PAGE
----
Lecture 6. The Rise of Moscow and its Quest for Expertise (14th – Early 16th Cent.)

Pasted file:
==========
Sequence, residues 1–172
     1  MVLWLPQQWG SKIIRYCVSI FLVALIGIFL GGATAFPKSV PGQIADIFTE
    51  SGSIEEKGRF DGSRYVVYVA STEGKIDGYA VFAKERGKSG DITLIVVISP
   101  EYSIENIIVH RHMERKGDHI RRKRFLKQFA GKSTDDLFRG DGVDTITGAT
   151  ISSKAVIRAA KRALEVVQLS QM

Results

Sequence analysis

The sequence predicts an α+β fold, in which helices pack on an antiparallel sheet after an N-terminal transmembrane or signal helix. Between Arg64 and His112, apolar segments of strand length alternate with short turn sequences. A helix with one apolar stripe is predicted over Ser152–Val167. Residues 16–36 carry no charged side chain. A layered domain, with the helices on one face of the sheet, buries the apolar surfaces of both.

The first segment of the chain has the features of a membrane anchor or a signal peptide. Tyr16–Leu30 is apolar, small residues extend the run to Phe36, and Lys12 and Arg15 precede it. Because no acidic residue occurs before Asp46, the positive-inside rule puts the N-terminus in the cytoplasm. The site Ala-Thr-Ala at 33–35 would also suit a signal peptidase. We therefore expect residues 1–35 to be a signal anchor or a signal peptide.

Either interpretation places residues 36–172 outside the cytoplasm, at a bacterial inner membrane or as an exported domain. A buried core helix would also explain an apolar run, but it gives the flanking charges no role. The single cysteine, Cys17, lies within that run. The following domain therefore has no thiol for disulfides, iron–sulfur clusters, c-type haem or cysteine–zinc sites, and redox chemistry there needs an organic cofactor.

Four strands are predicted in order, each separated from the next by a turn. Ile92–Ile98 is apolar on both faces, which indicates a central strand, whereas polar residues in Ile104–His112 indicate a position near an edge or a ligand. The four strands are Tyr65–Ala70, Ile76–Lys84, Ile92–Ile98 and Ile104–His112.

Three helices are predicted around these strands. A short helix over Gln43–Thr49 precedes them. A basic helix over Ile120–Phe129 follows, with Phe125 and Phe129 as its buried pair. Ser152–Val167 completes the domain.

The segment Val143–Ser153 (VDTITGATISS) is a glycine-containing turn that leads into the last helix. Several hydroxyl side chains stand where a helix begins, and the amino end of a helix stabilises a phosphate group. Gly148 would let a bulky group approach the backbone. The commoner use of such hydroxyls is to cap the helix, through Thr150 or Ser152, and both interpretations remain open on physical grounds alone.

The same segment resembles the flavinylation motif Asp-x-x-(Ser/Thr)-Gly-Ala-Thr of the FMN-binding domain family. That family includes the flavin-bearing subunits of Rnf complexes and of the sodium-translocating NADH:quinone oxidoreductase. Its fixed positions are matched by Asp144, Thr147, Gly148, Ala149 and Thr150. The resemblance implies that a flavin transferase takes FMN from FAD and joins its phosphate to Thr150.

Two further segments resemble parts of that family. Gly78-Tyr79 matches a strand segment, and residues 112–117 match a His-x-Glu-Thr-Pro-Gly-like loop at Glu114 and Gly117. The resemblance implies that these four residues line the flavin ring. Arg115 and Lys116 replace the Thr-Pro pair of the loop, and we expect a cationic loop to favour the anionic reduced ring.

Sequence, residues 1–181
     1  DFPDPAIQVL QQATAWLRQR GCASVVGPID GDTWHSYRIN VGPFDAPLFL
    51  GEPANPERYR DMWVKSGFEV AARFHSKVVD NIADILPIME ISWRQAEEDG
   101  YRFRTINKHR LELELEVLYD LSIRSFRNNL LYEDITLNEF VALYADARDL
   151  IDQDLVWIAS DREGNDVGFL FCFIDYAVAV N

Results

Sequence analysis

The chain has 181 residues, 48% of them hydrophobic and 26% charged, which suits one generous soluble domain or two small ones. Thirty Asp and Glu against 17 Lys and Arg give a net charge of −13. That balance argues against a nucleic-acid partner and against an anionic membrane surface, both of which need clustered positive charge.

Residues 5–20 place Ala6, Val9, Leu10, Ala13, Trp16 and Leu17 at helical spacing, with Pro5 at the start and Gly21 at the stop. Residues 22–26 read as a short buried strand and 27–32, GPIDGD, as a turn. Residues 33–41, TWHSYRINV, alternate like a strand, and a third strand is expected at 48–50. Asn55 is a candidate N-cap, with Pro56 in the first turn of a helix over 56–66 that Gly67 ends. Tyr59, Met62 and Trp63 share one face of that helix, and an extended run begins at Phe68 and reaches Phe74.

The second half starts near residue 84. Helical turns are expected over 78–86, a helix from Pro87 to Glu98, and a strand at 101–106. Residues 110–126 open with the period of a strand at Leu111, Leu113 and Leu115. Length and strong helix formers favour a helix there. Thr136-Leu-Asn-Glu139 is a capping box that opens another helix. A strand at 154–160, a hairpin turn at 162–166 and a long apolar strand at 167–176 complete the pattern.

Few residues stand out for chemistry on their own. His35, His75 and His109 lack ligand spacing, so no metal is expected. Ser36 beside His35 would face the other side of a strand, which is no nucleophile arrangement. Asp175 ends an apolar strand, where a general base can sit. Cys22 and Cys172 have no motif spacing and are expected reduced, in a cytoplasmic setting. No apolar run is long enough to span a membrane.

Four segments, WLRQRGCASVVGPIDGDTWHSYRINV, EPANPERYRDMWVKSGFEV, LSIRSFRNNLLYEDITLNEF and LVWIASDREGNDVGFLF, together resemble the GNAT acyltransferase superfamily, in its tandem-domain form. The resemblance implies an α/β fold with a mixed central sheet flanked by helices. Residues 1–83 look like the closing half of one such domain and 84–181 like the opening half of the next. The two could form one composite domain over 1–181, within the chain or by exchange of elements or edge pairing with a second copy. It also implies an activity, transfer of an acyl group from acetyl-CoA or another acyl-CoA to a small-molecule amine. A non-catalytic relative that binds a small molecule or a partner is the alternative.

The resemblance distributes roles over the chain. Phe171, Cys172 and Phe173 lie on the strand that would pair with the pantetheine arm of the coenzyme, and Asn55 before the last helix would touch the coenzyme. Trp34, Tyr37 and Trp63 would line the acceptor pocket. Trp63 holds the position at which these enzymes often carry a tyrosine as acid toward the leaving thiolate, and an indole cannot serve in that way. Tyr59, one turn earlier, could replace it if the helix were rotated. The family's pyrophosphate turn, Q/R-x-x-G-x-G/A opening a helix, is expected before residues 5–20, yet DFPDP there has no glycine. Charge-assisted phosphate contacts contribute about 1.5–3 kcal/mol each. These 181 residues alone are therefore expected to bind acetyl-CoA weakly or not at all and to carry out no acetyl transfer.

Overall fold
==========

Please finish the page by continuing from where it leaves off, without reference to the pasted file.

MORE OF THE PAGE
After the Mongol conquest, most of the old urban centers of Rus’ (with an exception of Novgorod and Pskov) declined; in northeastern areas Vladimir and Suzdal’ were gradually overtaken by Moscow, which eventually established control over most of the East European Plain. With the progressive increase of wealth under their control, the grand princes of Moscow were able to fund construction that reflected their imperial aspirations. Yet already in the 15th century they discovered that the masonry expertise available in the east Slavic lands is insufficient for their ambitions. In the late 15th century the Grand Prince Ivan III was the first to invite an Italian architect and engineer Aristotele Fioravanti to complete the Dormition Cathedral in Moscow Kremlin at a scale comparable to pre-Mongol Dormition Cathedral in Vladimir that Moscow and Pskovian masters failed to replicate. The lecture focuses on the work of Italian masters in the city of Moscow and its growing principality during the late 15th and the 16th century. It narrates the story of the integration between the Byzantine tradition inherited by Moscow from pre-Mongol Rus’ and the Renaissance Italian architecture. The special attention is given to the fortifications constructed by Italian engineers in the Grand Principality of Moscow that closely follow the north Italian prototypes.


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